Hospitals Are Throwing Sensitive Patient Information Out With the Recycling

Dear hospitals, please don’t throw sensitive information in the trash.
Dear hospitals, please don’t throw sensitive information in the trash.
Photo: Chris Higgins/Flickr

Heath data is some of the most sensitive information out there, and modern life sometimes puts that information at risk of being exposed. Hackers could break into insurance company records and steal customer medical information. A hospital you’ve visited could experience a data breach. You could spit in a tube to find out about your ancestry, and a company could sell your genetic information to a third party.

Or, you know, someone could just go dumpster diving behind a hospital and find a treasure trove of valuable patient information.

Researchers conducted a “recycling audit” of five hospitals in Toronto between November 2014 and May 2016 and found that frequently hospitals improperly threw out sensitive patient information. All the hospitals had policies designed to get rid of confidential patient health information without potentially exposing it, along with shredders to get the job done. And yet, when researched collected hospital recycling three times a week over a four week period, they found a total of 2,687 documents with personally identifiable information, often documents like clinical notes and medical reports. They describe their findings in a new letter published in the journal JAMA.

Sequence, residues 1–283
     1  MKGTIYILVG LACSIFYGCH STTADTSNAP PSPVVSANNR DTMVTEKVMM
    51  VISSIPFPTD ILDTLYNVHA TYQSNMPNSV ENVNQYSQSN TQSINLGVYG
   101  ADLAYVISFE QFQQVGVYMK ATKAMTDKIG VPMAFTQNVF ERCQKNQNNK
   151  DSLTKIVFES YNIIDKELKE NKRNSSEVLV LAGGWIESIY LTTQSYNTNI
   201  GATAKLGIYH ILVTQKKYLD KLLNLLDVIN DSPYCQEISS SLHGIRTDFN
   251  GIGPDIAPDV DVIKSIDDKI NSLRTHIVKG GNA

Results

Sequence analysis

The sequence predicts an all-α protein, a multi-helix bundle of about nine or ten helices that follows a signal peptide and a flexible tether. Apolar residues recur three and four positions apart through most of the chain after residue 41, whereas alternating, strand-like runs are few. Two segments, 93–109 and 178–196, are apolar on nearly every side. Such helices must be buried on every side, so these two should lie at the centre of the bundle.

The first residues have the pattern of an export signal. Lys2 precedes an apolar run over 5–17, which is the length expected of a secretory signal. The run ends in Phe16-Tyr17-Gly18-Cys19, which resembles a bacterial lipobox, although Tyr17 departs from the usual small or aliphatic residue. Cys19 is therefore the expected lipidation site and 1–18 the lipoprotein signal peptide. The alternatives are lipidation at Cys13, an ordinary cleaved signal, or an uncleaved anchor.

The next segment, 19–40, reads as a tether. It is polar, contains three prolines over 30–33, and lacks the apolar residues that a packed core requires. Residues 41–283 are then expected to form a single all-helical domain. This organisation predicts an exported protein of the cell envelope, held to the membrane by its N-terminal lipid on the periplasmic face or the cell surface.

Health data is valuable to hackers—probably more so than your credit card digits—because data like names, birth dates, policy numbers, diagnosis codes, and billing information can be used to create fake IDs to buy medical equipment or drugs that can be resold. It’s also often less quickly identified, meaning a hacker can take advantage of stolen data for years before it’s discovered.

Between 2009 and 2016, hospital data breaches accounted for approximately 30 percent of reported large data security incidents. Things like aging computer systems making hospitals and other healthcare providers often an easy target. But just throwing out the records with the recycling? Come on.

Senior Writer, Gizmodo.

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As I personally work in the healthcare field dealing with PHI, it’s sad to think that there are hospitals that aren’t following the proper procedures when dealing with records.

I have to admit that I’m damn near anal when it comes to dealing with the proper disposal of PHI when it is no longer needed (that is, making sure to put it in the proper containers to be shredded instead of just dropping it into a trash or recycling bin).

Maybe the hospitals where this is an issue need to go back and make absolutely sure that their employees know how to properly dispose of any PHI so that it doesn’t end up in ‘the wild’.